deposit returns scheme

UK to bring in deposit return scheme for plastic bottles and drink cans from 2025

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The UK government has said it will introduce a deposit return scheme for plastic bottles and drink cans in a bid to cut the amount that is littered by 85 per cent.

The scheme will cover England, Wales and Northern Ireland and is set to be introduced in 2025. Scotland already brought in legislation in 2020 for its own deposit returns scheme, which will see consumers paying a 20p deposit for every bottle or can from August this year.

The Department for Environment, Food & Rural Affairs said the new legislation follows “extensive work with industry” to prepare them for the necessary changes including setting up infrastructure and amending labelling.

The introduction of a DRS has been planned since 2018 and was initially due to be launched in 2023, but this was delayed until late 2024 and now 2025.

The scheme would include special machines, known as reverse vending machines, and designated sites where people can return their bottles and receive their cash back. In most cases it would be the retailers who sell drinks covered by the scheme who would host a return point.

Every year UK consumers go through an estimated around 14 billion plastic drinks bottles and nine billion drinks cans, many of which are littered or condemned to landfill.

Campaigners have urged the government to reconsider the exclusion of glass from the scheme. Sian Sutherland, co-founder of A Plastic Planet, said: “We are set to disincentivise consumer recycling of what would otherwise be perfectly recyclable containers like glass bottles.

“An all-in deposit return scheme across all four nations of the UK is the only way we will radically reduce our dependence on natural resources. We cannot continue to ignore the UK’s chronically low levels of glass recycling. We need urgent systems change that do not create perverse incentives in the market and leave our environment open to perpetual degradation.”

Similar schemes have been introduced internationally with success, with countries like Germany, Finland and Norway seeing recycling rates above 90 per cent. Current recycling rates for drinks containers in the UK sit at around 70 per cent, with a target to collect over 85 per cent once the scheme is up and running.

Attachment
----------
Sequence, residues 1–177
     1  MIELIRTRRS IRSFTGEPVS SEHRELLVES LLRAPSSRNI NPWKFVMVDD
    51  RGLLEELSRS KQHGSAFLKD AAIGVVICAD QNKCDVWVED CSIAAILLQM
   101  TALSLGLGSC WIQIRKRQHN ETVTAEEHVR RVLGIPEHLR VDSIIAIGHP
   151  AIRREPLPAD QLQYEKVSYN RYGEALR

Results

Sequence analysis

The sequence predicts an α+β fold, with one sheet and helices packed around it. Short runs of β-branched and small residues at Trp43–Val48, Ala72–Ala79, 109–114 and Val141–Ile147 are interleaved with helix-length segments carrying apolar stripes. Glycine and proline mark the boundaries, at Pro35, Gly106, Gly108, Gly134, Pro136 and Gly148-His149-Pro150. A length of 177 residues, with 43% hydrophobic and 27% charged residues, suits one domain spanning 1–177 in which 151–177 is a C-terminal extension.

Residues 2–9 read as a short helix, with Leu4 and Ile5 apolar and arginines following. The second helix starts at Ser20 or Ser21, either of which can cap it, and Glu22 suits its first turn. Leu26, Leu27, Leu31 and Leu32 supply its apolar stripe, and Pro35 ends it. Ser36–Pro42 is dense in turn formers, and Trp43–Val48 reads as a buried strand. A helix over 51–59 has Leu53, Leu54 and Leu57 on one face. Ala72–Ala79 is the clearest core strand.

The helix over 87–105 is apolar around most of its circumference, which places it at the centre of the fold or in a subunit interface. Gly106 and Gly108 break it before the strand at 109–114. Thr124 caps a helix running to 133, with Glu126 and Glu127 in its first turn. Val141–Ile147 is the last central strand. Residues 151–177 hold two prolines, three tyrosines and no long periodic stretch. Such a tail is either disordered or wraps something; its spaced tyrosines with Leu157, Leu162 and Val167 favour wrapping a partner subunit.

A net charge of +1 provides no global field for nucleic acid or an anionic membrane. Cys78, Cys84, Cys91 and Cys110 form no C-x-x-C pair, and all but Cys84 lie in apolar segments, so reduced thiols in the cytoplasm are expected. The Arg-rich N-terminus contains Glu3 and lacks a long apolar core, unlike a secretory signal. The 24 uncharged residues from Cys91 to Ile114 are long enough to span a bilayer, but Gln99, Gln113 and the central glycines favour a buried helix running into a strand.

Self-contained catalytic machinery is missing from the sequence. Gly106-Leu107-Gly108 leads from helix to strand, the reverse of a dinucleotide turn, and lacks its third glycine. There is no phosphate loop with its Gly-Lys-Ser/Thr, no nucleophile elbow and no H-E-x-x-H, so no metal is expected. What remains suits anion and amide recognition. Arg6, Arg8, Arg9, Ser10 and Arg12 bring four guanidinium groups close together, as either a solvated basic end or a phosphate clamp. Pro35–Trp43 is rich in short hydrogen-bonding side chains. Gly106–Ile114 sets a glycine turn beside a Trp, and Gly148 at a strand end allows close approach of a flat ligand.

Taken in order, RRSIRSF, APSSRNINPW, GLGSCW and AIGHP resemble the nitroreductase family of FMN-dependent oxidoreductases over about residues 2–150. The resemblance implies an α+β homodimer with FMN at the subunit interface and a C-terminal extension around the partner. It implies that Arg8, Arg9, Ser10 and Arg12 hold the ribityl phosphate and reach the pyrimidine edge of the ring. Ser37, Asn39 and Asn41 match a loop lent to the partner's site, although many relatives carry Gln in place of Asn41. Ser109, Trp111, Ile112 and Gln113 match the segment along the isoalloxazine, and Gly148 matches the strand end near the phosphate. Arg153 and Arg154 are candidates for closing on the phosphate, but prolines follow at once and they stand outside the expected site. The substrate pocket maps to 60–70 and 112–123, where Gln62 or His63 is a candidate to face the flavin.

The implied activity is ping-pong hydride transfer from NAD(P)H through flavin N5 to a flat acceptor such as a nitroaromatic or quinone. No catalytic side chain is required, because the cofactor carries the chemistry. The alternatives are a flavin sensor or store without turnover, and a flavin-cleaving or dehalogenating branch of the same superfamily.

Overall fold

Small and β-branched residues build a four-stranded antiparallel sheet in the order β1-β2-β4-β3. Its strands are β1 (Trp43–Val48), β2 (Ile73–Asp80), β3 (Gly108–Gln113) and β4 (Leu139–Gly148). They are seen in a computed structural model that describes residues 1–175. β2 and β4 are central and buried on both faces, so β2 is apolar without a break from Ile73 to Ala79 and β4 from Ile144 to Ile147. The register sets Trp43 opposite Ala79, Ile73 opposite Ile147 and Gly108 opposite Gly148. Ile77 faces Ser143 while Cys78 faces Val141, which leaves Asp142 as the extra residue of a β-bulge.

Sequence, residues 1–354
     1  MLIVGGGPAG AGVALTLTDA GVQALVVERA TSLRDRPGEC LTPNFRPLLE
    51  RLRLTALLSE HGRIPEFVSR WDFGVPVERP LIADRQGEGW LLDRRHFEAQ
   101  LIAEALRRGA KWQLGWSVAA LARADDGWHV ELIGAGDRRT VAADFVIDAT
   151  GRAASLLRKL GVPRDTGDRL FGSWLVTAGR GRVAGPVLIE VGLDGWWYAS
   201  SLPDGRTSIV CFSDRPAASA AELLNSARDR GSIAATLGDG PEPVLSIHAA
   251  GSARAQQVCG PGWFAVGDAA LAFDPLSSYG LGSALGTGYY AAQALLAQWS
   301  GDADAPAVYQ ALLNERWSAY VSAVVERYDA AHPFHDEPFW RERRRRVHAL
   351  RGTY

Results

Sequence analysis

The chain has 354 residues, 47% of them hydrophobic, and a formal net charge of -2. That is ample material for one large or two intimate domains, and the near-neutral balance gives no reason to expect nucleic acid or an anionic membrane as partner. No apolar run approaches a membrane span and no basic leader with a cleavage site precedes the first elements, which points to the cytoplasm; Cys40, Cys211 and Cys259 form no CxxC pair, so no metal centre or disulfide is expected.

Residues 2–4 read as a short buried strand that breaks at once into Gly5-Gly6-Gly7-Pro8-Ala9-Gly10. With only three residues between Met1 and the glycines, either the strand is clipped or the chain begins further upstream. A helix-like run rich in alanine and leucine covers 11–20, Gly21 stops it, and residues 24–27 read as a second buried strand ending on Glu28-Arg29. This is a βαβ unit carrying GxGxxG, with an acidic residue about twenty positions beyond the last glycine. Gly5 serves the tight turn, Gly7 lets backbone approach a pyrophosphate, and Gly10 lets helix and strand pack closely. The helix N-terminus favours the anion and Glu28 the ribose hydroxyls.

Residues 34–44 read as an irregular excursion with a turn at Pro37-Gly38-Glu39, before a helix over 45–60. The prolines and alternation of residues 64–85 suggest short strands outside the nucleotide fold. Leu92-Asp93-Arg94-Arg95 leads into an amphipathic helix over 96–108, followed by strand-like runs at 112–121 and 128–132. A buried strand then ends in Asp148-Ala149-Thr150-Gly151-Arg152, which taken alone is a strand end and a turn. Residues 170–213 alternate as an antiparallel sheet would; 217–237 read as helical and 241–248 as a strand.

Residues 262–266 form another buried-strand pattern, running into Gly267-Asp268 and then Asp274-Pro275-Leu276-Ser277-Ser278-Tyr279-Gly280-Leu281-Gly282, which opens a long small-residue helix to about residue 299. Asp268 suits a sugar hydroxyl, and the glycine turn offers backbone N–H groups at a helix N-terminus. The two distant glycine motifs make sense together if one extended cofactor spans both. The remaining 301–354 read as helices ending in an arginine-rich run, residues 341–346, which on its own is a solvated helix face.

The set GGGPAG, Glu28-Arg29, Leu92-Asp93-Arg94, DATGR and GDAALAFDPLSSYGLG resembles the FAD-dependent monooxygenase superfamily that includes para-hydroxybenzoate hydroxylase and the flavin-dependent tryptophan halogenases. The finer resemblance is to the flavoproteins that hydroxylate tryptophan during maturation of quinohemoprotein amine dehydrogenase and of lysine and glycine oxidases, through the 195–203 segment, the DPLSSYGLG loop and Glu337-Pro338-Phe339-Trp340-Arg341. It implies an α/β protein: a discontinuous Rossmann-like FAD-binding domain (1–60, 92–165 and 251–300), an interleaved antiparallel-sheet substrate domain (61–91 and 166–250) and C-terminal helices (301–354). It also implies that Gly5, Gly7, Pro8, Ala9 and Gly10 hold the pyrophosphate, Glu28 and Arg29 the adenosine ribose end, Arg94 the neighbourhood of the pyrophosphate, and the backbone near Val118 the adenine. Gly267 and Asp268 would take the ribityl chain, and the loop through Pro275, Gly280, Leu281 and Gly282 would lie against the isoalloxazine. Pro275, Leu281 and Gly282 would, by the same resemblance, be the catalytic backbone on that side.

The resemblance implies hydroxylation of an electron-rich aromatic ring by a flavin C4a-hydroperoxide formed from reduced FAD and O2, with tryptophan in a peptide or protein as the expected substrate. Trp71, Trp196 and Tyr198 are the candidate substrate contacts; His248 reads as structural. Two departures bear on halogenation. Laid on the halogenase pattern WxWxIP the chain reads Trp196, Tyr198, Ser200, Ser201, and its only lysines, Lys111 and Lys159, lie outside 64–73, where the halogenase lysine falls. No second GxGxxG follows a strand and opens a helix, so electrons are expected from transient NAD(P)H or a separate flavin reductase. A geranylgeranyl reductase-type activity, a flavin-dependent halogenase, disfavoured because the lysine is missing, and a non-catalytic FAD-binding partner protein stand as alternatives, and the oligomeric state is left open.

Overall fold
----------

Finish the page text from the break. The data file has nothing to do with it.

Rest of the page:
Environment minister Rebecca Pow said: “We want to support people who want to do the right thing to help stop damaging plastics polluting our green spaces or floating in our oceans and rivers.

“That is why we are moving ahead using our powers from our landmark Environment Act to introduce a Deposit Return Scheme for drinks containers.

“This will provide a simple and effective system across the country that helps people reduce litter and recycle more easily, even when on the move.”

The government is set to create an independent, industry-led Deposit Management Organisation, which will be tasked with running the scheme and setting the amount for the refundable deposit.

Last week the government announced that a ban on single-use plastic plates, trays, bowls, cutlery, balloon sticks, expanded and extruded polystyrene food and drinks containers, including cups, will be introduced in England from October 2023.

This follows a ban on microbeads in rinse-off personal care products, and restrictions on the supply of single-use plastic straws, drink stirrers and cotton buds.

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